07/22/2018 | Neck and back injuries

Upper trapezius: the key to scapulohumeral rhythm

Chris Mallac explores the relevant anatomy and function of the UT, the role it has in musculoskeletal dysfunction and management ideas in the form of strengthening and loosening. The upper trapezius (UT) is a major muscle that affects movement and stability of both the scapula and cervical spine. The coordination and interplay between the UT... MORE

06/26/2018 |

Golf: a gentle game that leads to pain

Although golf is regarded by many as a ‘gentle’ sport, the risk of lower back pain among its practitioners is surprisingly high. Andrew Hamilton explains the kinematics leading to back pain in golfers... MORE

Joint injuries

01/23/2019 | Shoulder injuries

Sternoclavicular joint dysfunction: a rare diagnosis

Trevor Langford reviews the anatomy and biomechanics of the sternoclavicular joint, explains how joint dysfunction presents in athletes and non-athletes, and provides treatment options for a sternoclavicular joint sprain or dislocation. Injuries of the glenohumeral joint (GHJ) and the acromioclavicular joint (ACJ) are commonly diagnosed, while injury to the sternoclavicular joint (SCJ) is frequently overlooked during... MORE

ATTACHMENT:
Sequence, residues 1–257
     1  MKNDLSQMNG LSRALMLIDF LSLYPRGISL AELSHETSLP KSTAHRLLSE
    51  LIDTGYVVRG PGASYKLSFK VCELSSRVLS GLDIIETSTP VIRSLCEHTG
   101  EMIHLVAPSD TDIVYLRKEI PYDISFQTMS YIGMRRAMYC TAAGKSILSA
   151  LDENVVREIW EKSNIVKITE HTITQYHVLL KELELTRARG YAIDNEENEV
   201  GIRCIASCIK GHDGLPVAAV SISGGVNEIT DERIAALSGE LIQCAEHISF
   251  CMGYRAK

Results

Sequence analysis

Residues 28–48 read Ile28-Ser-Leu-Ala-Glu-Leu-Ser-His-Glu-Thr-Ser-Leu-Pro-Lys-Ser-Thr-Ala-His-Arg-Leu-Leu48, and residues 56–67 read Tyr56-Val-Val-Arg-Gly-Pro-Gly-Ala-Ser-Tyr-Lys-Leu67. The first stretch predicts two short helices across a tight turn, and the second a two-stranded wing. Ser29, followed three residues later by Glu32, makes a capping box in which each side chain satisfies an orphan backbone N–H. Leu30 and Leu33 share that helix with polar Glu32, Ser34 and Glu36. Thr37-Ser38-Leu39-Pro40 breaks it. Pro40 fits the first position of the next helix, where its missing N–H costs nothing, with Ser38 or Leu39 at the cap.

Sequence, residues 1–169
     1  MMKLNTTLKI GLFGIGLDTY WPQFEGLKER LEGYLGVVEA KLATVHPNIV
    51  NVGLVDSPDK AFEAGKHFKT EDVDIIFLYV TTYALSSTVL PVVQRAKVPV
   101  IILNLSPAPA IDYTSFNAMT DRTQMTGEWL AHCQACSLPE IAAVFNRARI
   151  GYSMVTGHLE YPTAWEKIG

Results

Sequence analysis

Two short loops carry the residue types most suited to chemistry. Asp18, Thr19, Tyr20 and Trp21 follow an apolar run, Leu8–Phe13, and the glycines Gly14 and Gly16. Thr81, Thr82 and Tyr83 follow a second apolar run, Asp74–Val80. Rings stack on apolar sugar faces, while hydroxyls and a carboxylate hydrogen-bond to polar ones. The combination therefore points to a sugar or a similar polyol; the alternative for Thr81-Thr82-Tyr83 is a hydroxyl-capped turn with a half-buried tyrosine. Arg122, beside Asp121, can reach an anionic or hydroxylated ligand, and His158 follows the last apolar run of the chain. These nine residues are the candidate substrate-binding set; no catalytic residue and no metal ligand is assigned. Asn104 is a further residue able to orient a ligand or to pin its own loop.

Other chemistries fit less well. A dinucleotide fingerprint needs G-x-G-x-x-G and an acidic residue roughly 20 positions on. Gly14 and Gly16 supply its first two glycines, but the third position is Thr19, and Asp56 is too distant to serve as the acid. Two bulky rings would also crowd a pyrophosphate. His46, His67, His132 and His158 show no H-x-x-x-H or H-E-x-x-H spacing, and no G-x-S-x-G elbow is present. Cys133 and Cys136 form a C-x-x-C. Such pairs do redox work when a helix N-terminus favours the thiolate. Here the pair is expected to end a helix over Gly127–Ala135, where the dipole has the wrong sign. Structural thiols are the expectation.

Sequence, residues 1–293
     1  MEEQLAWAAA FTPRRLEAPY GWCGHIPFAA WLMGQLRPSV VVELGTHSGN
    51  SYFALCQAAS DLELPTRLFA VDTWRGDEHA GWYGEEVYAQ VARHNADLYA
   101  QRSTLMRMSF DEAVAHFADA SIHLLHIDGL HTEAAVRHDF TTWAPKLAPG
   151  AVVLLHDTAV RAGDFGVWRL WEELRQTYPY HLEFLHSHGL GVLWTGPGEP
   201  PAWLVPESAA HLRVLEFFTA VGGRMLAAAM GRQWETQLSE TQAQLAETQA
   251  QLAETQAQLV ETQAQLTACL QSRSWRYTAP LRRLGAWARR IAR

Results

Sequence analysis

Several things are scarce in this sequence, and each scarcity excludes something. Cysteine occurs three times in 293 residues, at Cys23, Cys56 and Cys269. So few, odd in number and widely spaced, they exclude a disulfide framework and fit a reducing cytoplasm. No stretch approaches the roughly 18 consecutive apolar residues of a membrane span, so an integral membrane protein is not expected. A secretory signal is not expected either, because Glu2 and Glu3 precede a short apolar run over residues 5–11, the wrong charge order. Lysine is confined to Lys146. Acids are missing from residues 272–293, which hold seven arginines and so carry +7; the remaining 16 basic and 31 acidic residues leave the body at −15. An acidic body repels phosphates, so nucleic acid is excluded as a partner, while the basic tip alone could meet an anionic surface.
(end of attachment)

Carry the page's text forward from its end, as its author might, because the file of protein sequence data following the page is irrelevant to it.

12/31/2018 | Ankle and foot injuries

Sinus tarsi syndrome: a possible source of lateral ankle...

Chris Mallac explains the etiology of sinus tarsi syndrome, and outlines diagnosis and management options for clinicians. Sinus tarsi syndrome (STS) is a frequently misdiagnosed condition in which patients have pain over the lateral aspect of the ankle (the sinus tarsi region) with an ‘unstable’ sensation in the rearfoot. STS sufferers usually have a history... MORE

12/24/2018 | Knee injuries

Pellegrini-Steida syndrome – a cause of stubborn medial knee...

Patrick Gillham looks into the aetiology of Pellegrini-Stedia syndrome, and how best to treat it using conservative measures. Calcification of soft tissue structures is not uncommon in the body. This process frequently occurs in the shoulder, with the supraspinatus tendon being the most commonly affected. After the shoulder, the hip is the second most frequent... MORE

Diagnose & Treat

04/18/2019 | Diagnose & Treat

Slipping rib syndrome: an obscure cause of thoracic pain?

Andrew Hamilton investigates the role of ‘slipping rib syndrome’ in the etiology of thoracic pain. What role does rib hyper-mobility play and what should clinicians be on the lookout for? Thoracic movement A number of rigid structures, including the ribs, sternum, and thoracic vertebrae, comprise the thoracic region. Intervertebral discs and costal cartilages facilitate the... MORE

04/8/2019 | Neck and back injuries

Lumbar spondylolysis in adolescent athletes: breaking the curse!

Pat Gilham considers the etiology, diagnosis and conservative treatment options for younger athletes with lumbar spondylosis. Spondylolysis is a fracture at the pars interarticularis of a vertebra. In the general population, the incidence of spondylolysis as a cause of low back pain is around 6% in adults and 4.4% in the paediatric population(1). However, in adolescent athletes,... MORE